The NY publishing world is totally out of touch with reality.

  15. mouthyb says:

    This is exactly why I get annoyed with the course work in my MFA program. You get the professors who want you to read a lot of ‘art is dead’ theory (as in, ‘don’t publish because no one wants to see it,’) or you get the ‘genre is a dirty word’ professors. The false inflation of the market for literary fiction produced by MFAers for more MFAers creates the sense that MFa programs ought not be responsive to trends in writing. I disintguish the MFA inflationary market from the rest of the literary fiction market for the simple reason that the rest of the world and a lot of the MFA students wouldn’t buy these books without an authority figure standing over them forcing them to read the books.

    It troubles me because I do like good literary fiction, and I read a lot of genre that would have benefitted from the sort of classic principles of writing that are taught in MFA programs, but you cannot use anything which might be confused with genre in the workshop process, and there are times when I’ve had to read works in my classes that would, in any other market, have been punished for the elements missing from them (and in a thoroughly uninteresting kind of way; less on purpose than because the author was too darn cool to bother.) I don’t want to homogenize lit fiction and genre fiction, but there is a troubling (for me) discrepancy between good fiction (fiction that is interesting and troubling and well-written and intelligent) and fiction that has not been as carefully polished or is more or less unaware of audience (which goes for both MFA market literature and genre fiction.)

    Moreover, as someone who is going to have to sell some serious copy to get a job, I want training in vulgar things like genre for the simple fact that I’d like to be able to pay back my student loans. (I want to leeeeeeive!) I realize this makes me a terrible person and a lousy artist, but there you have it. I need a job.

  16. Another Aaron says:

    Has the publishing world ever been in touch with reality? Has Wall Street, Congress, Big Oil, the IT industry, the art world or anyone else? You could say that as a general complaint about almost anything.

    Besides, of course the fiction publishing world is out of touch with reality….its their bread and butter. It’s the nature of fiction…..I’d be dissappointed if they WERE in touch. :)

  17. angry young man says:

    Here is how you calculate an appropriate advance:

    Use market data (Bookscan, author’s previous sales, sales of comparable books, your house’s track record with similar books) to project sales of the book under consideration.

    Multiply that number by the price.

    Multiply that number by the book’s royalty rate.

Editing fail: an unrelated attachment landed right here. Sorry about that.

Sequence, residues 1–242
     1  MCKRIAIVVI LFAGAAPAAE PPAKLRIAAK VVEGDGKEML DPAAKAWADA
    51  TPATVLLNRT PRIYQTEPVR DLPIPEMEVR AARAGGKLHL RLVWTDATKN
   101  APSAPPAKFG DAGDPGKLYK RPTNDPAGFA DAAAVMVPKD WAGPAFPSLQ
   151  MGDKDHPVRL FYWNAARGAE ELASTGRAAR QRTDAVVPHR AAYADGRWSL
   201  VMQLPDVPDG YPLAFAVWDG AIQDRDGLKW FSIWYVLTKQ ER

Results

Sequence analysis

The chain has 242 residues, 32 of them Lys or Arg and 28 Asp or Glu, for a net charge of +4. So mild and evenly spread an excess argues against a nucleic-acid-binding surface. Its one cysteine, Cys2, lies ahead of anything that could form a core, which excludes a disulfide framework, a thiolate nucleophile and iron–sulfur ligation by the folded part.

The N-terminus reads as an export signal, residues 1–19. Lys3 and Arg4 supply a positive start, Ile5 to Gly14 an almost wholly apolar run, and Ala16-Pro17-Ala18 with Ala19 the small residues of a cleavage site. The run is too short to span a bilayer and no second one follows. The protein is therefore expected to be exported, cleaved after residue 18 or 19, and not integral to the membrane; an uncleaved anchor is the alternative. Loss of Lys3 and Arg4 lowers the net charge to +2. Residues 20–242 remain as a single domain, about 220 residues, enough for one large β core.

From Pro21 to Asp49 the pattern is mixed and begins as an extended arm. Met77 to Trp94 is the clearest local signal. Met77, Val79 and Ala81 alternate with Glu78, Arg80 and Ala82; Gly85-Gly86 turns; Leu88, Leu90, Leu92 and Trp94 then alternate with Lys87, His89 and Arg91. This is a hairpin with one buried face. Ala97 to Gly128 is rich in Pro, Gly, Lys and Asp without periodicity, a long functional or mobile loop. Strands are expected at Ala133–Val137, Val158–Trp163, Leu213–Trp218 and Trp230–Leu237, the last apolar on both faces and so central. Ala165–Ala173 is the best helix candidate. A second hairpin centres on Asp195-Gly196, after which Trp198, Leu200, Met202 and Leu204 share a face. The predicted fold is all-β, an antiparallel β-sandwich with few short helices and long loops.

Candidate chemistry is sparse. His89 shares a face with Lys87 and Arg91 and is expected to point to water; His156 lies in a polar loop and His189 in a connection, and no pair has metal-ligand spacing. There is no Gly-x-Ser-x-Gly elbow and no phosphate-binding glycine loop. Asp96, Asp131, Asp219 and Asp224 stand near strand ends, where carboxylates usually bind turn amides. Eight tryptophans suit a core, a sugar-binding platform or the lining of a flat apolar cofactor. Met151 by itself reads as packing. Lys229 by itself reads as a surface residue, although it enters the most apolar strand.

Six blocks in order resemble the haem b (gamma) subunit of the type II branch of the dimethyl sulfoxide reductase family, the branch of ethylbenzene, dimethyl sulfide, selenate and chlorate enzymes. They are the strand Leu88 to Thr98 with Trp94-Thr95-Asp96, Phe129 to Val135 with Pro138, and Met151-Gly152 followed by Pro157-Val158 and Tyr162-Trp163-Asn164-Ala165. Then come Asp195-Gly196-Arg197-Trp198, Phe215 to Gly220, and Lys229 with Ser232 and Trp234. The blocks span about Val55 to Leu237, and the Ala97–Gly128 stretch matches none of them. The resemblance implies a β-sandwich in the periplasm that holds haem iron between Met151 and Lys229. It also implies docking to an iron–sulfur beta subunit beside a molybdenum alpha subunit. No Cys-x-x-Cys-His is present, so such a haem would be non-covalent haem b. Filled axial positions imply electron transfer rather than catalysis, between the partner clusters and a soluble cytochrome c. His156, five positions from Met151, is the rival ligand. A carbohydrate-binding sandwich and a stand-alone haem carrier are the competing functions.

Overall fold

The result is the earned royalty.

    If this was for a hardcover book you plan on putting out as a paperback later, do the same for the latter. Add the earned royalties.

    Finally, if you expect to make some subrights sales (translation rights, serials, book club, etc.), add the author’s percentage of this income.

    The total is the appropriate advance for the book because that’s what it will be earning the author. Paying anything much more than this number, is pure folly.

    The trouble is, too many editors/publishers want to pay grandiose advances to show they can, thus attracting more agents and bolstering their own egos.

  18. mdh says:

    Wait, isn’t is Cory’s fault?

  19. ralphw says:

    I used to buy my comic books at the local grocery store. That’s not possible anymore, even with the bookstore-inside-the-grocery store model.

    If eBooks insist on the same DRM protections as media content, then eBooks will suffer the same fate. eBooks aren’t the answer to a broken business model. There are better ways to figure out what people will want at the neighborhood bookstores, but the Wall-Mart model isn’t it.

    The transition to “open textbooks” is already starting to happen with college textbooks, but for the reason of them being overpriced. The publishers stopped adding value, and once you realize you can implement a peer-review system over the internet, there’s not much reason to keep the old system any more.

    The future may either be ad-supported, or belong to subscriptions (for digital works), but you can only afford a limited number of those.

  20. wolfiesma says:


    I was wondering the same thing… I feel bad publishers and bookstores and writers are having a hard time… but I wonder if more attention paid to the consumer might help the struggling industry. First of all, are there any readers out there like me that think a hardcover book price is just too steep? They are like 25 bucks! I hate it when I read a scintillating review in the NYTimes (nearly every day) and then think, oh, well, hopefully I’ll remember to look for that in paperback. And even then, you are still paying around 15 bucks a book. It’s too expensive.

    I’d also buy more books if I knew better what would fit my taste. I’d actually appreciate some directed marketing to help steer me to my next great read. I love rating the books I read on GoodReads, but there is no feature there that says, based on your reviews of these books we think you will like this. If I knew it was something I’d really enjoy, I’d be more willing to pay the price.

  21. Will says:

    Re: #19– Jardine, Scalzi went to U. of Chicago and studied under Saul Bellow. That’s a very serious hookup for a young writer, and while I doubt Saul was the one who pitched Old Man’s War to Tor, running in that circle is nothing to sneeze at, and it represents a very significant investment of money. Writers laboring in obscurity can produce great work, but will never make a living at it– you’ve got to go to places where other writers, publishers and influential people gather, and that’s not rural Ohio. Once you know the right people, you can move where you like.

Leave a Reply